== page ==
Bt cotton had altered protein metabolism and produced less
insecticidal toxin in leaves when subjected to high temperatures during
Cotton (Gossypium hirsutum).
Inserted Transgenes and Intended Effect:
crylA gene derived from Bacillus thuringiensis
(Bt). This gene gives the plant the ability to produce an
insecticidal delta-endotoxin that can kill the larvae of insect pests,
especially the cotton bollworm (Helicoverpa armigera), which is
a major pest in cotton fields. The crylA gene was fused to the
cauliflower mosaic virus (CaMV-35S) promoter so that the toxin would be
produced continuously in all parts of the plant.
Goal of This Study:
Based on observations in China that transgenic Bt cotton has not
always shown adequate levels of resistance to the cotton bollworm, the
researchers investigated whether a high temperature (37°C/99°F) might
affect the plant's insecticidal capacities. Such a high temperature is
not untypical during the growing season in China. The researchers grew
two different commercial varieties of Bt cotton in greenhouses and
subjected them to the high temperature at different stages of development,
in periods ranging from 12 to 48 hours. They measured the levels of
Bt toxin and other proteins in the leaves at each stage.
Results of This Study:
While the high temperature had little effect on Bt toxin and other
protein levels in the leaves at developmental stages up through peak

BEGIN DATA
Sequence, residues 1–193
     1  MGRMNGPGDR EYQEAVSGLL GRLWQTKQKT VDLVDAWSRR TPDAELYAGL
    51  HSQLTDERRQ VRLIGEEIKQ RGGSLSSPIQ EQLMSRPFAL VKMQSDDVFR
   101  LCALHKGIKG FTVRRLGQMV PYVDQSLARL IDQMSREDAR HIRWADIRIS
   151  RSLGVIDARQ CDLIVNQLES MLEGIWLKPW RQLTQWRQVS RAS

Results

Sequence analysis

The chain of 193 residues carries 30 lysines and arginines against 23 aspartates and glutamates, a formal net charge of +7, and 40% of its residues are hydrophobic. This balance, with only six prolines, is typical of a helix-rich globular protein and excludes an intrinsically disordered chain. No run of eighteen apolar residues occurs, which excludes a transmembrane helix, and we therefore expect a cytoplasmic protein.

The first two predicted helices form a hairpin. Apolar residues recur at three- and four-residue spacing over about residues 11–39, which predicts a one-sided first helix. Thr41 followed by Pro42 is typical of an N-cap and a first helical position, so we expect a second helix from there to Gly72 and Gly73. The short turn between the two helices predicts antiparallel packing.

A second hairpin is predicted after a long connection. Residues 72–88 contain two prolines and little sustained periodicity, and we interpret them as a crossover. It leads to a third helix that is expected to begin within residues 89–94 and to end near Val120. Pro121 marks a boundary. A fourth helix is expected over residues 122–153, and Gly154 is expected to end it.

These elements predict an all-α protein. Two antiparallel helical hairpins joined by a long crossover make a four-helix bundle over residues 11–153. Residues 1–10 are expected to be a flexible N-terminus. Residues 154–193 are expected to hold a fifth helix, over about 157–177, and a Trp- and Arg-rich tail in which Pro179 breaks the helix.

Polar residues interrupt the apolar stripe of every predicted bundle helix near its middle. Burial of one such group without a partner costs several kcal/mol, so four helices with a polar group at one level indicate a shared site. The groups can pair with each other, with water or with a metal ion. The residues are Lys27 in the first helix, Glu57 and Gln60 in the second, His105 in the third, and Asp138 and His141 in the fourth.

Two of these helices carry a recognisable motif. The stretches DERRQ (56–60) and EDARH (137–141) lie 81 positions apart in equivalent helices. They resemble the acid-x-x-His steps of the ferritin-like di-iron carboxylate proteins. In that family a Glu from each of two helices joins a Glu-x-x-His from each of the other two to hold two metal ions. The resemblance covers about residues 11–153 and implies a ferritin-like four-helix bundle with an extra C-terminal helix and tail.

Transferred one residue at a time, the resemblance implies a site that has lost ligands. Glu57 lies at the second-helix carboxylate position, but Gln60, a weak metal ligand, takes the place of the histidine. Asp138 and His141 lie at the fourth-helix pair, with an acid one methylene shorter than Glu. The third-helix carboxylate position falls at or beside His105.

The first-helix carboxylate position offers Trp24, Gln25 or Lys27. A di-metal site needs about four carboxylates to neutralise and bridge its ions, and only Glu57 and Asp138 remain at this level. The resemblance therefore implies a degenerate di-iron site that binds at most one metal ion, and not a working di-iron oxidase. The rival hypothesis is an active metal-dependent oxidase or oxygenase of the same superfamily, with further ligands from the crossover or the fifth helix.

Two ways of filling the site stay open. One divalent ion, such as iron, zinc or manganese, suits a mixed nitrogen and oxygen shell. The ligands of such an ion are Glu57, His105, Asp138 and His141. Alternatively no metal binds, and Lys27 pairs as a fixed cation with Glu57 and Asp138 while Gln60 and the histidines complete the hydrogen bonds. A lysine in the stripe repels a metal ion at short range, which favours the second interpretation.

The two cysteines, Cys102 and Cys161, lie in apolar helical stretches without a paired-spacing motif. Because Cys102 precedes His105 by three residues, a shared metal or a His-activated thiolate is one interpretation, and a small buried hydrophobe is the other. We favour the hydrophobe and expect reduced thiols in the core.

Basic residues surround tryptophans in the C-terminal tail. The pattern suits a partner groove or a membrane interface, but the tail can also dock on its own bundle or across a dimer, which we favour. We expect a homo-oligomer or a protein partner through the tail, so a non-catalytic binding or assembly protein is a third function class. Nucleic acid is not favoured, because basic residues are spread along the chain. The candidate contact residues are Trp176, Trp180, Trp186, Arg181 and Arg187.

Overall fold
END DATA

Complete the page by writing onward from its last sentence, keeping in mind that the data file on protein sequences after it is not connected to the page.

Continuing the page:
flowering, there were significant effects when the plants were forming
cotton bolls (peak boll stage) and subjected to the high temperature
With 24 hours of high temperature, the levels of Bt toxin
dropped by 51% in one variety (Kumina No. 1) and by 30% in the other
With 48 hours of high temperature, the levels of Bt toxin
dropped by 73% in one variety (Kumina No. 1) and by 62% in the other
Levels of glutamic-pyruvic transaminase (GPT), an important enzyme in
plant protein metabolism, dropped markedly.
Level of soluble protein in the leaves decreased significantly.
Levels of protease, an important enzyme in the breakdown (catabolism)
of proteins, rose significantly.
Levels of free amino acids (that is, amino acids that are not yet, or no
longer, part of a protein) rose sharply, up to a 4-fold increase.
These findings agree with the observations of commercially grown crops,
where reduced efficacy of Bt cotton usually occurred during the
boll phase and especially after very warm weather. The authors remark that
high temperatures may "increase the probability of gene silencing"
(p. 340). Both the levels of Bt toxin (which is a protein) and
total levels of soluble proteins in the leaves were strongly reduced
at high temperatures in peak boll stage plants, while the levels of
protease, which degrades proteins, and of free amino acids rose. This
suggests that the high temperature at that particular stage induced
overall degradation of proteins, including Bt toxin, in the
leaves. So although Bt cotton is designed to produce Bt
toxin continuously in adequate amounts, field observations and this
experiment indicate that the environment (in this case high temperature)
can induce changes in the plant's physiology that decrease the amount
of Bt toxin the plant accumulates.
Chen, D., G. Ye, C. Yang, Y. Chen et al. (2005). "The Effects of
High Temperature on the Insecticidal Properties of Bt Cotton,"
Environmental and Experimental Botany vol. 53, pp. 333-42.
Agronomic Department, Yangzhou University, China; School of Land and
Food Sciences, University of Queensland, Australia.
Grant from Education Department of Jiangsu Province, China.
Bt cotton is grown around the world and has been on the market
since the late 1990s.
Copyright 2008 The Nature